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OrthoRefine: automated enhancement of prior ortholog identification via synteny



Identifying orthologs continues to be an early and imperative step in genome analysis but remains a challenging problem. While synteny (conservation of gene order) has previously been used independently and in combination with other methods to identify orthologs, applying synteny in ortholog identification has yet to be automated in a user-friendly manner. This desire for automation and ease-of-use led us to develop OrthoRefine, a standalone program that uses synteny to refine ortholog identification.


We developed OrthoRefine to improve the detection of orthologous genes by implementing a look-around window approach to detect synteny. We tested OrthoRefine in tandem with OrthoFinder, one of the most used software for identification of orthologs in recent years. We evaluated improvements provided by OrthoRefine in several bacterial and a eukaryotic dataset. OrthoRefine efficiently eliminates paralogs from orthologous groups detected by OrthoFinder. Using synteny increased specificity and functional ortholog identification; additionally, analysis of BLAST e-value, phylogenetics, and operon occurrence further supported using synteny for ortholog identification. A comparison of several window sizes suggested that smaller window sizes (eight genes) were generally the most suitable for identifying orthologs via synteny. However, larger windows (30 genes) performed better in datasets containing less closely related genomes. A typical run of OrthoRefine with ~ 10 bacterial genomes can be completed in a few minutes on a regular desktop PC.


OrthoRefine is a simple-to-use, standalone tool that automates the application of synteny to improve ortholog detection. OrthoRefine is particularly efficient in eliminating paralogs from orthologous groups delineated by standard methods.

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Discerning the evolutionary relationship between genes and genomes remains a fundamental step in the search for answers to many biological questions. The need for accurate assessment of evolutionary relationships among genes is inherent to many different tasks: whether the goal is the construction of phylogenetic trees [1], using orthologs to infer the unknown function of a hypothetical gene [2,3,4,5], constructing databases for functional and comparative genomics [6, 7], verifying genome assemblies [8], or understanding the principles of genome organization and evolution [9,10,11]. However, the accurate identification of evolutionary relationships between genes can be confounded by evolutionary events, such as gene or genome duplication, gene loss, and gene acquisition via horizontal gene transfer [12]. Furthermore, automating the ortholog identification process is challenging, although not intractable [13].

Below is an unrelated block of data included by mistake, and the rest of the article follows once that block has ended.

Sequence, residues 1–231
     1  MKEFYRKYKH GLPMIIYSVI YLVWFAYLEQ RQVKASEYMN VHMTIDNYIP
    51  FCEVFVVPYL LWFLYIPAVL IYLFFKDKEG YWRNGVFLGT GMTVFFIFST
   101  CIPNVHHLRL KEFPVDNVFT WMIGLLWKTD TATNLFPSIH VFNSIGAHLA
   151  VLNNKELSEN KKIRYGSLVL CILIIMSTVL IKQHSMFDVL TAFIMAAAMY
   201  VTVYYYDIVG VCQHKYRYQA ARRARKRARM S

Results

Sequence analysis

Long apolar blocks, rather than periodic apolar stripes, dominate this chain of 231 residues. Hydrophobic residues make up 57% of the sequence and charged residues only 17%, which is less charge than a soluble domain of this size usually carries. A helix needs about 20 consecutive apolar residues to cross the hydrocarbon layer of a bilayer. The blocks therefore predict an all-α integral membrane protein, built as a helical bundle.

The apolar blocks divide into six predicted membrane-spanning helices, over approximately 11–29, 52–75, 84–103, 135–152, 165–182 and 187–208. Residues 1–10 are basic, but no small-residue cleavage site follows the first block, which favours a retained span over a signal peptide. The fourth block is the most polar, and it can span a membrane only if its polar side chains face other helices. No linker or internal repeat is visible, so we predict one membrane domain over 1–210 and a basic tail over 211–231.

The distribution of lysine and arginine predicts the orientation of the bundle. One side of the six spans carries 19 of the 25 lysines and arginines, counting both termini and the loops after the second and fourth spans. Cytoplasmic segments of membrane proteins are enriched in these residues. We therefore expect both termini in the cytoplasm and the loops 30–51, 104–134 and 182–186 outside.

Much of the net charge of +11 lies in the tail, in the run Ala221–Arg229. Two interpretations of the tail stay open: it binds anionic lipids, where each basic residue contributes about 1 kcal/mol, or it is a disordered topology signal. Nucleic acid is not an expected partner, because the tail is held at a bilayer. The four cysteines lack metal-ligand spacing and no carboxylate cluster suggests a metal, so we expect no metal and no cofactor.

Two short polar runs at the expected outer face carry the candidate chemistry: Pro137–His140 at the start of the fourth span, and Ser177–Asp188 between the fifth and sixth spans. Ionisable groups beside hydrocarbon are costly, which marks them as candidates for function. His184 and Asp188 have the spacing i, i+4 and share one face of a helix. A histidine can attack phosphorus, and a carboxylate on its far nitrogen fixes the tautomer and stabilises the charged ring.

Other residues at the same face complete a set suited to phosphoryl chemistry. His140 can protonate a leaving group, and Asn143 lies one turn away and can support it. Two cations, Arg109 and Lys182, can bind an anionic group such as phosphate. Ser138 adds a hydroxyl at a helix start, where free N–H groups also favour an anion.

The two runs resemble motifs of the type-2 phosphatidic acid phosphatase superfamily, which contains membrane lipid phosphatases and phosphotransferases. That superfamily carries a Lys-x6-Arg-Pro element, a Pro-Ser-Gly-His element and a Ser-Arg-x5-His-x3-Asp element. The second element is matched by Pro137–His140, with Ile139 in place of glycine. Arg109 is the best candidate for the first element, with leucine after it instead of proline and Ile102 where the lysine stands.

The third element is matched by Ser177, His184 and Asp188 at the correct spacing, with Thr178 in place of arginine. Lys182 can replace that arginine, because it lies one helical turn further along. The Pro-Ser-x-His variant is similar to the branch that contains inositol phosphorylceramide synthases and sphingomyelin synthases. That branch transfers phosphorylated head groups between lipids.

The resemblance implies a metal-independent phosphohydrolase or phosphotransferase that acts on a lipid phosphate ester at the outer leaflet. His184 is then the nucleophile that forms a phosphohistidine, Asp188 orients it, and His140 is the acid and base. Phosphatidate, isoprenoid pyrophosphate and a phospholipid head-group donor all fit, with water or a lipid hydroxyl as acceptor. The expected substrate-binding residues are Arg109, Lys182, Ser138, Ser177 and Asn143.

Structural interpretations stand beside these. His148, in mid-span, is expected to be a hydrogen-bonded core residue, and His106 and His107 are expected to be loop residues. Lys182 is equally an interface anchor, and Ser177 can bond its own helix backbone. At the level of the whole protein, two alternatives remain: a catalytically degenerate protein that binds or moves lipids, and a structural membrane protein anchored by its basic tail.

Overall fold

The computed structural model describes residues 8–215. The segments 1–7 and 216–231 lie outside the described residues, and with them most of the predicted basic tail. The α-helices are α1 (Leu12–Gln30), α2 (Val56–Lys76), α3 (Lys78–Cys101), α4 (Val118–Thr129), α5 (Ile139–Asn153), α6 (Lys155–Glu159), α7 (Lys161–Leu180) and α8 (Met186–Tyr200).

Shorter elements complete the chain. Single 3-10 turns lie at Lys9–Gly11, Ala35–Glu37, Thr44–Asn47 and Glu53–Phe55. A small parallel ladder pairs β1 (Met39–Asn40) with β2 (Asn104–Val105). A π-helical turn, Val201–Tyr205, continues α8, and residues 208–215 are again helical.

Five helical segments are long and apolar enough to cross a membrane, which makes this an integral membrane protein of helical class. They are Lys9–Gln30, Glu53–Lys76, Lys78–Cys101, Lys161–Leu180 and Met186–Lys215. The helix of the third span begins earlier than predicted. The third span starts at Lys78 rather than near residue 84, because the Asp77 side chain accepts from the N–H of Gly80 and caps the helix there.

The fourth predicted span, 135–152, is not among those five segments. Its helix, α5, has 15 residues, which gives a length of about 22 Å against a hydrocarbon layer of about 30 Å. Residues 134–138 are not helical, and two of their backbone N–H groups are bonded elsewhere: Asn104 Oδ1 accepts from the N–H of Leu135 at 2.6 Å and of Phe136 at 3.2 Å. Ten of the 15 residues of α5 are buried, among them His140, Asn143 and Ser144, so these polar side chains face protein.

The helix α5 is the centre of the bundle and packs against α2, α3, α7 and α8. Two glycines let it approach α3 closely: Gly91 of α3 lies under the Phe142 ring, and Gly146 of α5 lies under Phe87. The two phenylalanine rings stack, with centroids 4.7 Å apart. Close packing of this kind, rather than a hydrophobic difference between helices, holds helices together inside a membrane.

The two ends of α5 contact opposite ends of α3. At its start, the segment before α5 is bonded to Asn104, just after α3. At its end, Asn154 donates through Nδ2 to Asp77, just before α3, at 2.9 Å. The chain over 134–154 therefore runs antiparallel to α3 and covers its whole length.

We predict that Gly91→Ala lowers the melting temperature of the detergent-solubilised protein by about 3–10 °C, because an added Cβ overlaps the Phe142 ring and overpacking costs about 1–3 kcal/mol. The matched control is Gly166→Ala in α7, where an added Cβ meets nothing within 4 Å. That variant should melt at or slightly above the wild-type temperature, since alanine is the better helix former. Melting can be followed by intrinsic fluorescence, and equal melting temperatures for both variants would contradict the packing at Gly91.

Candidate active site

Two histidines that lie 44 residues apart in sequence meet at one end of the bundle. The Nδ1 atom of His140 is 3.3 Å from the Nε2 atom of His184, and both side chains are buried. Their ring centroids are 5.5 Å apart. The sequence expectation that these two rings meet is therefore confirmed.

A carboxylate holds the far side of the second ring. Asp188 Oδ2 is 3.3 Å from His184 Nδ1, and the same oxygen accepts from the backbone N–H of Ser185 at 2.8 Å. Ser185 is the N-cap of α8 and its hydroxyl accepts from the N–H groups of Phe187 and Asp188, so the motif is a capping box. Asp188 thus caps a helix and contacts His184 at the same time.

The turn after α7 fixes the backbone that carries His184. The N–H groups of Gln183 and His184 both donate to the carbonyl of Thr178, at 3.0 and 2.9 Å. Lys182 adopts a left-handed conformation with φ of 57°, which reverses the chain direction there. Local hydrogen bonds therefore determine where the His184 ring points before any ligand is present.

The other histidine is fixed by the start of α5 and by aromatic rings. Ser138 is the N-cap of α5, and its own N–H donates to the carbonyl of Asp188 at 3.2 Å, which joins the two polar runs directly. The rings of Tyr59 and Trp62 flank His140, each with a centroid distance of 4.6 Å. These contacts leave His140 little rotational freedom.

In the context of gene history and comparisons, genes that evolved by divergence from a shared ancestor are classified as homologs [1, 14]. Gene homology can be further divided into three types based on the events that allowed the genes to take different evolutionary paths: (1) orthologs diverged because of a speciation event, (2) paralogs diverged following a gene duplication event [1], and (3) xenologs arose due to a horizontal gene transfer event [15]. To relate gene duplication events with speciation events, paralogs can be further classified as inparalogs, those that arose from a duplication event after the speciation event, and outparalogs, those already present before the speciation event [16].

While all genes experience genetic changes, orthologs tend to retain the function of the shared ancestral gene more often than paralogs [17, 18]; this property of orthologs is routinely used to predict functions of genes that are yet to be experimentally characterized. Another application of gene orthology is in judging the quality of de novo genome assemblies by verifying that they have the expected single-copy orthologs present in other related species [8]. Regardless of the application, the core assumption is that orthologous genes tend to retain their function after divergence, which is less likely for paralogs or xenologs.

Current informatics-based methods for the identification of orthologs are rooted in either phylogenetics, as is the case with Ortholuge which compares ratios of phylogenetic distances between ingroups and an outgroup to improve the accuracy of prior ortholog identification [19], or reciprocal best hit (RBH) via BLAST combined with a clustering algorithm—e.g., OrthoMCL performs Markov clustering on RBH results [20]. Other ortholog identification programs include OrthoLoger [21], TreeFam [22], and InParanoid [23]. However, the original software that implemented these methods is generally no longer functional on present-day computers and operating systems due to dependencies on obsolete versions of software components or the software is challenging to set up and use [24].